An eighth-semester physiology and neurobiology major, Ellafi says it is most challenging when family members try to visit her and vice-versa. She also says her mother was recently traveling from the U.S. to Palestine when she was held up in customs, berated and mistreated by a TSA agent.

“We’re always weary because, whether or not you’re a U.S. citizen, Islamophobia still affects you, especially when you’re from targeted countries,” she says.

Ellafi, who came to the U.S. from Libya in 2001, says the Trump administration has made it more acceptable to hate Muslims.

“When you walk through campus, there seems to be a kind of pride or uproar within people who are Islamophobic as well as xenophobic in general,” she says.

Ellafi cited an example from the MSA Spring Dawah Dinner in March, where an unknown individual outside of the Student Union Ballroom abruptly yelled “F— terrorism” during Tasleem’s guest lecture.

The hatred is not necessarily confined to words, as some Muslims have been physically attacked on rare occasions.

Akkach says he has friends who have been publicly harassed since the election in his hometown of Fairfield, Connecticut. One of his friends was pushed by a stranger in a mall, and another had her hijab pulled off by someone in a supermarket.

“That’s starting to happen around the country; it’s not the only incident, but these are two things that happened where I live, and we’re talking about Connecticut, which is considered a liberal and a Democratic state…” he says. “There is a rise in Islamophobia in this country because of this election.”

Because of Islamophobia, Muslims may feel uncomfortable demonstrating their faith in public, even if they are not faced with outright animosity.

Arab Student Association President Ahmed Ouda, whose parents are from Egypt, says he feels scared if his mother goes somewhere like Times Square in New York City where there is exposure to large crowds of people.

“I think especially Muslim women face a lot [of discrimination] because they have an external expression of their faith with the scarf,” the eighth-semester finance and economics double major says. “It’s tough.”

Ibrahim says that social interactions with non-Muslims on campus are different for females with hijabs or males with long beards.

“It’s kind of always in the back of your head, ‘What does this person think of me? What do they see me as?’” he says. “Besides me being a human being, what do they think of me being a Muslim?”

MSA students gather in the Student Union Ballroom for Maghrib prayer, the fourth of five prayers performed daily by practicing Muslims. Photo: Darden Livesay

For Muslims, concerns that others perceive them negatively often stem from the fear of being misunderstood by outsiders.

Suhail says a major reason for misconceptions about Islam is the news coverage that constantly associates it with violent imagery, despite the fact that one of the religion’s major tenants is peace.

“The Muslims in the world look at that imagery and they see it as the media portraying all of them in that light, even though that’s so far from the truth,” she says.

The so-called Islamic State has been designated a terrorist organization by the United Nations and many countries. The radical Islamist militant group is widely known for its videos of beheadings and its destruction of cultural heritage sites. The group claimed responsibility for the shooting death of French police officer Xavier Jugelé in Paris two weeks ago.
Photo: Flickr/Day Donaldson

Akkach says people must understand that moderate Muslims living in the Middle East are the primary victims in any terrorist attack.

“What they see going on in the Western countries is nothing compared to what Muslims see in their daily lives back in Middle Eastern countries…” he says. “They always see this terrorism happening to them. They’re the ones who are always losing family members. They’re the ones who being denied of education and their basic necessities of life because of that.”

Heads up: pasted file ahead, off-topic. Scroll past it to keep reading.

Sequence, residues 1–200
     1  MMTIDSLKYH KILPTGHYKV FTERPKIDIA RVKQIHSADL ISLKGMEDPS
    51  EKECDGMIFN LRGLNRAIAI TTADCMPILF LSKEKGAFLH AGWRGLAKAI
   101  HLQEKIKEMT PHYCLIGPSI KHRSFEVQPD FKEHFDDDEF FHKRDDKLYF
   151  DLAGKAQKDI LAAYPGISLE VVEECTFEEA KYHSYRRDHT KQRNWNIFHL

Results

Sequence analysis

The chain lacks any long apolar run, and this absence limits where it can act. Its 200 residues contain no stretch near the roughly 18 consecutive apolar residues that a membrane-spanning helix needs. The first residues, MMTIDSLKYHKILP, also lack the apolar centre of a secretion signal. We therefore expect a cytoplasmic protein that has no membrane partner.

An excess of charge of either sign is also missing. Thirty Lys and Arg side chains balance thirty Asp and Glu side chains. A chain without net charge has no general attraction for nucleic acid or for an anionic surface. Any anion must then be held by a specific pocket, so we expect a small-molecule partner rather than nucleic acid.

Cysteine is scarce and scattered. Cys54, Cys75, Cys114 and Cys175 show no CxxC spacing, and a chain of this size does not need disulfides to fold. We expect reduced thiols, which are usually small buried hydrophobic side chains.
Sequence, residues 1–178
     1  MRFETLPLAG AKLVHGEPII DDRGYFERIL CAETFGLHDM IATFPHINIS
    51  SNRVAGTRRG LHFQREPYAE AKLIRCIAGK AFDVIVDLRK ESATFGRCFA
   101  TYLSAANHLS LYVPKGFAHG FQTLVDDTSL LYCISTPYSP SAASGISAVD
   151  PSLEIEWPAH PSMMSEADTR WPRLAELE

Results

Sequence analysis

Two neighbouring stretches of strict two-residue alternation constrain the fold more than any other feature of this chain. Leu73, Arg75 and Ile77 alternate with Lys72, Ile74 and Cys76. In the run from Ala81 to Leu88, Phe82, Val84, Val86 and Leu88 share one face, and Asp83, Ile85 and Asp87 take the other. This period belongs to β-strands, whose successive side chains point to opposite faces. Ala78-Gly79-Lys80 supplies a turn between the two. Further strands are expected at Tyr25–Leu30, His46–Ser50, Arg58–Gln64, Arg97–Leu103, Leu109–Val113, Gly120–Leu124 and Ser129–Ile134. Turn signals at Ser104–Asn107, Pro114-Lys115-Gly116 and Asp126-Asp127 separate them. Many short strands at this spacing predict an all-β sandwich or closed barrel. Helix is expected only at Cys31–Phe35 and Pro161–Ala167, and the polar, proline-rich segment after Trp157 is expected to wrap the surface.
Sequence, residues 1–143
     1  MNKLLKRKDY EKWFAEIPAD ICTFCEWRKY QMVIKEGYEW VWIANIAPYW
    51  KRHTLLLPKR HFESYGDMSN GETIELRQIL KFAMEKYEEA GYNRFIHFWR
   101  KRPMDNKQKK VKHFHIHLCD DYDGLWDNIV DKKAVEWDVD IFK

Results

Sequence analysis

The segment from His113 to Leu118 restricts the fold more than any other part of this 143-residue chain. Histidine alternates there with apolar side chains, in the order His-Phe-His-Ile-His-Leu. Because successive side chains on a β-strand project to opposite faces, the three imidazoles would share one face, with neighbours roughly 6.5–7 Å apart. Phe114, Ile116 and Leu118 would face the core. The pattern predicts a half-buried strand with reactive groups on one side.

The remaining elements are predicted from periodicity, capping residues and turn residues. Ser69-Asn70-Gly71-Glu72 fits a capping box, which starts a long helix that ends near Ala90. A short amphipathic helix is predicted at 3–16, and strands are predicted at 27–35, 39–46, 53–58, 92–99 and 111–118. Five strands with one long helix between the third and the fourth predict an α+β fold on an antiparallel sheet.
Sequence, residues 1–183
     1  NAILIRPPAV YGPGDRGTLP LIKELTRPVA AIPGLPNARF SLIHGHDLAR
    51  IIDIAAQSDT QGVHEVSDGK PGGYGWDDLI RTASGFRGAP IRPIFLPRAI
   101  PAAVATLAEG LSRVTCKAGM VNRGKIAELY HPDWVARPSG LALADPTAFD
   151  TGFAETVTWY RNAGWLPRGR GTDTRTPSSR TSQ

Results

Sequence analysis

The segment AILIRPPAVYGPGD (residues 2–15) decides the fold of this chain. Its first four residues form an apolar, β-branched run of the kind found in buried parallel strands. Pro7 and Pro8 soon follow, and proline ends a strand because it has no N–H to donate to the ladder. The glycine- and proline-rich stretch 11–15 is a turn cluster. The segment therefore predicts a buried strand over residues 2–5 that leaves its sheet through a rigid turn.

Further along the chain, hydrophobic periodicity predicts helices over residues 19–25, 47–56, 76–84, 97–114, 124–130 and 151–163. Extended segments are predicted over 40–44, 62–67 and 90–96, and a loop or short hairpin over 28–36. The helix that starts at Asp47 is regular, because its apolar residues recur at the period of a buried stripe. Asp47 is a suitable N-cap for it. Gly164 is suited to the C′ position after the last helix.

Militants from the IS control 23,300 square miles of Syrian territory as of Dec. 2016, according to the Information Handling Services Conflict Monitor; however, an Al-Jazeera map from March indicates that the jihadists have been losing ground in the past few months.

Nonetheless, Akkach says he feels “humiliated” that the Islamist terror group controls so much territory in his home country, and that the situation even prevented one of his friends from visiting his terminally ill father in the hospital before he died.

In order to counteract stereotypes about Islam being a radical and violent religion, Muslims of the local community emphasized engagement with others and sharing of information. 

Ibrahim says they have to reassure themselves that people perceive them in a positive manner while actively raising awareness about their faith.

“If you always put yourself down as a Muslim that they’re always against us, you’ll never get anything done,” he says. “Our best interest is to serve the community before we serve ourselves, to make sure that everyone knows that we’re on their side.”

Suhail says there is a lot of work to be done and that Muslims cannot simply expect the general public to think the best of or know everything about them.

“We need to put ourselves out there, introduce ourselves as Muslims and talk to people about the kind of lifestyle that we live and how totally different it is from what they may have been thinking,” she says.

There were 1.6 billion Muslims in the world as of 2010. Islam is the world’s second-largest religion to Christianity, but it is the fastest-growing major religion.  Credit: Pew Research Center

With regards to the future, MSA members and affiliates offered more advice and opinions that seemed to lean in a positive direction.

Akkach says that, whether people like it or not, Muslim-Americans have important roles in the U.S.

“There are Muslims as doctors, as engineers, as soldiers fighting with the country,” he says. “We are part of the American society, and that’s something they have to understand very well.”

More Muslim-American politicians are what Ammar expects to see, and he hopes they can evoke constructive change.

“These politicians need to sit down and find a way to protect the country without bothering the citizen, at least the citizen and without [there] being any discrimination…” he says. “I’m sure there are hundreds of solutions.”

Tasleem revealed that, despite concerns among Muslim-Americans, his outlook for the future remains positive provided that Muslims present the best image of Islam and follow its principles, such as being kind to neighbors and the elderly and feeding the poor.

“I think when things like this happen, it’s kind of like God kind of shaking us up and saying, ‘You know what? It’s time to wake up,’” he says. “Both for Muslims and non-Muslims.”

[An MSA student chants the Maghrib prayer]

About The Author

Darden Livesay

University of Connecticut Class of 2019
Journalism & Political Science